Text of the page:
1. Since the last recession, we have seen a decline in system administrator roles. This may have fixed a short-term budget problem but it’s consequently costing organisations money because they are not maximising their return on investment.

  2. Super users are brilliant but they’re already in a full-time role and have implemented many changes over recent years (such as legislation reform, pension changes, talent management, employee engagement and handling data). When do these super users get the time to review new system features and implement them? The answer is that they don’t.

  3. People leave organisations for all sorts of reasons. It’s an unfortunate reality that you lose system expertise through attrition. That knowledge is often lost, either through inability or through organisational unwillingness.

Do organisations stop evolving because they have lost HR system knowledge or because super users have busy workloads? Of course not; they can’t. They must change to sustain revenue targets and growth.

What happens when changes affect your workforce? Changes come thick and fast; terms and conditions, new ways of calculating pay, new pension rules and so on. They are not optional and they all require their implementation by strict deadlines.

If you don’t have the system expertise to configure the changes in your HR system, the HR team will end up manually processing the changes outside your system.

Now you are in the dreaded ‘chicken and egg’ HR management situation. Your job is even busier because you are managing the employee-related changes manually, reducing the time available to configure your clever HR system to automate the processing for you.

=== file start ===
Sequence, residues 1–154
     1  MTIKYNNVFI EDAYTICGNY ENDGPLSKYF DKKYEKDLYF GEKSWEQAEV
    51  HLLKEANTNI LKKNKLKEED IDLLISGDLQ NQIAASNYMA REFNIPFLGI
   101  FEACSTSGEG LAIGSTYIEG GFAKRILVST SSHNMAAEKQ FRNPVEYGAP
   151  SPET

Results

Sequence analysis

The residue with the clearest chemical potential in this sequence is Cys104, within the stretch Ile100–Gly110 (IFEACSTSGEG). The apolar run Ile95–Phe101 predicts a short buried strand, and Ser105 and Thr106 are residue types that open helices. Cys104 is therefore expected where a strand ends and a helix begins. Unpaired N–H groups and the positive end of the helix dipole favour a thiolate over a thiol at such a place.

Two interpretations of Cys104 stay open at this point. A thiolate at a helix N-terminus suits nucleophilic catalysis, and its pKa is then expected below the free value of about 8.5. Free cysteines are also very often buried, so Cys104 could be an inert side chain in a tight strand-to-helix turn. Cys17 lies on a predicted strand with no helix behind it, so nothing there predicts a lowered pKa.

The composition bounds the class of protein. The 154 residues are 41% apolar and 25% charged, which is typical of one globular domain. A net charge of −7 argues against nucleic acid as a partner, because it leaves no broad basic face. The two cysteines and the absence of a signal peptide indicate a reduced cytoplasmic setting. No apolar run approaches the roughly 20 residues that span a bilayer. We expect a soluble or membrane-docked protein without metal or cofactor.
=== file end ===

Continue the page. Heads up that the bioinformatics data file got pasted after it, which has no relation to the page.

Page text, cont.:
As you are processing manually, you also need to add further checks to eliminate any risk of human error. This becomes a vicious circle.

When you selected your HR system, how many functional requirements did you identify – 50, 100, 200, or more? And how many supporting services requirements did you identify – 10, 15, 20?

So how do you get the best from your HR system? If employing a dedicated system administrator or a super user with ring-fenced admin time isn’t commercially viable, here are two ways to solve your problem:

  1. Invest in an internal upgrade process. Bring together representatives from HR, recruitment, learning and development, payroll, and people managers. Give them time to review the release documentation then meet up and agree a combined approach. Secure resources and build your implementation plan while making sure you allocate a realistic amount of time to the configuration. You may need internal communications to reach all of your colleagues, make sure everyone knows what is happening, when, why and how this affects them.

  2. Talk to your software supplier. They can provide HR and payroll industry experts who will help you to get the most out of your system and work with you to introduce best practice, building operationally efficient processing, saving you time and improving accuracy.

The chicken and egg HR management situation can be resolved, but it takes self-reflection, determination and clarity of purpose.

Author: Julie Lock is the service development director at MHR.

https://www.mhr.co.uk/